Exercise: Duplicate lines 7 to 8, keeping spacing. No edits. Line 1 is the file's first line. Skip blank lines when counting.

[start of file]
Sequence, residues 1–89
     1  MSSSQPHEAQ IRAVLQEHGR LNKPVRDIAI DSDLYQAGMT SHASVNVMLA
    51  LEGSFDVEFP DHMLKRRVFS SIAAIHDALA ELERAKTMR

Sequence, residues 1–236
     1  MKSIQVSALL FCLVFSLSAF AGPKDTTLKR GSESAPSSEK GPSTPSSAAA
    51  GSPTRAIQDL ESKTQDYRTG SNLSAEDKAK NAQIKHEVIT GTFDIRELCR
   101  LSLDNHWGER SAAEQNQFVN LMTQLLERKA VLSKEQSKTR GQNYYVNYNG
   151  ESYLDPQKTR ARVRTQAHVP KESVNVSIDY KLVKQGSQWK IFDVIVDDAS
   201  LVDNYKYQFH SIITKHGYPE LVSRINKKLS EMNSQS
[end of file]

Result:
   101  LSLDNHWGER SAAEQNQFVN LMTQLLERKA VLSKEQSKTR GQNYYVNYNG
   151  ESYLDPQKTR ARVRTQAHVP KESVNVSIDY KLVKQGSQWK IFDVIVDDAS